Bourbon Street is a likable hotel restaurant that's best described as "pleasingly mediocre."
The dining room, with its shuttered windows, street lamps and balcony, is stagily contrived to create a New Orleans ambiance, but it's cozy and quiet, too, with a nice flickery, candlelit feeling. The service is unusually attentive and solicitous, and the prices are pleasingly modest.
The problem lies in the food, which is dull. It's not really bad, for the most part, just totally forgettable.
It certainly would be adequate to satisfy an out-of-town hotel guest who isn't sure where to eat, but there's just not enough here to snare anyone who knows where the good restaurants are in Bethesda.
(We were far more favorably impressed with the Peppermill, the hotel's other restaurant, when we reviewed it about a year ago. It has some excellent dinner selections and a first-class Sunday brunch.)
A nice touch at Bourbon Street is a separate little "Waist Watchers" menu of low-fat dishes. Among these, the cauliflower soup is a pleasant puree, nicely unthickened and, understandably, made with milk rather than cream. But it's as bland as baby food, as though "low fat" were synonymous with "low flavor."
There's also a good cold strawberry soup, not too sweet and made with what tastes like frozen strawberries and an orange-juice base. Chicken breasts are broiled with rosemary and served with rice and nicely steamed vegetables -- a pleasing dish, if a bit dry.
Among the appetizers on the regular menu, the spiced shrimp were fresh-tasting but hardly spicy, and they were practically swimming in half-melted ice cubes on the serving dish.
Chicken fingers had a delicate batter and were lightly fried, but the meat was even drier than in the broiled chicken dish. Barbecued ribs, too, were somewhat dry, although glazed with a good sweet-tart sauce.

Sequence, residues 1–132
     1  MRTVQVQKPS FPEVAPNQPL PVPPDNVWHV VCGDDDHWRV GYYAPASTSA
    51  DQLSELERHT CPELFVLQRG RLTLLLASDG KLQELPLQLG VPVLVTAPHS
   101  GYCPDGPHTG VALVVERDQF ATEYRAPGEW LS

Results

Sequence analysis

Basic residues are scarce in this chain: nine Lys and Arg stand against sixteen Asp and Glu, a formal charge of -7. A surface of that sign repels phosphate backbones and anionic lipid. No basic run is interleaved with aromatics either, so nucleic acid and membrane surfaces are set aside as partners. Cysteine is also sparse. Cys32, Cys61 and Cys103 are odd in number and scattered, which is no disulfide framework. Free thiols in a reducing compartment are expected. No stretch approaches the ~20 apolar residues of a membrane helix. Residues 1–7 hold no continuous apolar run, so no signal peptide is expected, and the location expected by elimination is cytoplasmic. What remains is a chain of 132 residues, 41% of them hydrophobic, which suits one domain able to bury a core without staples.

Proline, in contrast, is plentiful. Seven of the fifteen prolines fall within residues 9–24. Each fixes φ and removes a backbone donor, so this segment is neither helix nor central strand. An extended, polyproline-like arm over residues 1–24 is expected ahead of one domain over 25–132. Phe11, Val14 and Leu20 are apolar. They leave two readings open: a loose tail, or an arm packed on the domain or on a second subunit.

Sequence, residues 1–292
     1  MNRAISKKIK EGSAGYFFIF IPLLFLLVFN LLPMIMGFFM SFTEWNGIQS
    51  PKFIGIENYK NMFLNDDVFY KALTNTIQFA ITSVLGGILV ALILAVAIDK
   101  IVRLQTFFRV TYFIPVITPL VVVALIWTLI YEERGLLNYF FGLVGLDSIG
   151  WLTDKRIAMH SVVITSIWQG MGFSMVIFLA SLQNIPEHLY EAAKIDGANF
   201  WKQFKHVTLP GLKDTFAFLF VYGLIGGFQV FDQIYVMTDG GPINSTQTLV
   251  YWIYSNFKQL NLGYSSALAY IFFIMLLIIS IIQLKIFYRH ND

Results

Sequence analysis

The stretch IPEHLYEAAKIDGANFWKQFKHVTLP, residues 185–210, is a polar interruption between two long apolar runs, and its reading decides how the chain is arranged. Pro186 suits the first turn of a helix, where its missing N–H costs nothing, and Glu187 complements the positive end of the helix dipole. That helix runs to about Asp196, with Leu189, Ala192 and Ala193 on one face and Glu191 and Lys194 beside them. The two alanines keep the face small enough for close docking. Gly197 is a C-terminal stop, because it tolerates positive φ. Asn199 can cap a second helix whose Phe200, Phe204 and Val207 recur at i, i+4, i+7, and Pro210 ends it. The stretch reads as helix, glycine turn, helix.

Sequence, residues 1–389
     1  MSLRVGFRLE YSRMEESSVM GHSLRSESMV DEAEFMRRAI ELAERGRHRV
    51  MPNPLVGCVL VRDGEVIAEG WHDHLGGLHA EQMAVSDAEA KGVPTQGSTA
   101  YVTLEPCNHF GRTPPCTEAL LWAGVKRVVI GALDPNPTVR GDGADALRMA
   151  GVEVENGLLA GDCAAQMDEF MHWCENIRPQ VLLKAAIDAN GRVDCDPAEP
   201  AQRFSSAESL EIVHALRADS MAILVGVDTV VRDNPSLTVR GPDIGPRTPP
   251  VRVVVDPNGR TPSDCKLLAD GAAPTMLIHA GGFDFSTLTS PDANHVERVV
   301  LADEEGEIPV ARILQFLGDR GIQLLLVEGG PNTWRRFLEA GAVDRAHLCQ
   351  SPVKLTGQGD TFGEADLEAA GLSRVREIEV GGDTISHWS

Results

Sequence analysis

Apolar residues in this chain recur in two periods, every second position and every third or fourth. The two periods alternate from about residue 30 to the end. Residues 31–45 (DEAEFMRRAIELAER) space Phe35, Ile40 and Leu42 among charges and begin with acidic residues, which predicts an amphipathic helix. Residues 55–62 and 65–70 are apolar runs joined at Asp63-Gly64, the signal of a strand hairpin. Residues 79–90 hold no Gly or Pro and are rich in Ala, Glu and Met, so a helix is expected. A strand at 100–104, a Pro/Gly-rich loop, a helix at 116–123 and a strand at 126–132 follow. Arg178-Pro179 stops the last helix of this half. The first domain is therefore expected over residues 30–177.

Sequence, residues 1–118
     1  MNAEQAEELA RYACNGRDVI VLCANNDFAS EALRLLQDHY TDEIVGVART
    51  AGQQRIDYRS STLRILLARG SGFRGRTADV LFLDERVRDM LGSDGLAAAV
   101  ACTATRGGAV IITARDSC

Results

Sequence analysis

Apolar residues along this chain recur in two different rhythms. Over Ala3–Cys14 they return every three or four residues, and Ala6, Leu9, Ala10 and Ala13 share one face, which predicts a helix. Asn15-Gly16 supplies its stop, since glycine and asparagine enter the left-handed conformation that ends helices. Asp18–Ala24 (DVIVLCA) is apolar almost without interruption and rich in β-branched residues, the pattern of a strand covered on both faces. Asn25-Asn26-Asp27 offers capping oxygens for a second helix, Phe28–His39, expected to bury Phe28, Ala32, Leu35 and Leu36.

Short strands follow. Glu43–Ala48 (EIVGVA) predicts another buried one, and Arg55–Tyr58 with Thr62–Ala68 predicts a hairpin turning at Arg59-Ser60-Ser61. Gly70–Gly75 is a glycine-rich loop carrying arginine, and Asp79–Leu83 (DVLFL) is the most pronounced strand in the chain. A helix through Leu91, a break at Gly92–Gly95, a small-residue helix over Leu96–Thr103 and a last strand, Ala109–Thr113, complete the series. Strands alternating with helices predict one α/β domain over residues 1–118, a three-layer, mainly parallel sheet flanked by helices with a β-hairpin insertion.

Entree prices include the good, but not spectacular, salad bar. The greens are mainly head lettuce, but the trimmings include artichoke hearts, hearts of palm, various fresh nuts and seeds, good marinated vegetables and several kinds of fresh fruit. The help-yourself bread has its ups and downs -- one night fresh, crusty french bread of good quality, another night tired little rolls that weren't worth eating.
Among the regular entrees, there's a lasagna that's amply portioned and generously endowed with rough-ground beef, but we found the pasta mushy and the tomato sauce unpleasantly acidic. The seafood platter has a nicely broiled filet of sole; crab cakes that are well-seasoned, lightly handled and lightly fried, but apparently made of claw rather than lump meat; and dry, heavily battered fried shrimp.
A prime rib special was a good-sized, nicely pink slab of beef that was dryish and without flavor. Veal pizzaiola had a pleasant, fresh-tasting sauce of green peppers, tomato and onion over textureless meat.
Pastries are from the Watergate bakery, which means they're reliably good.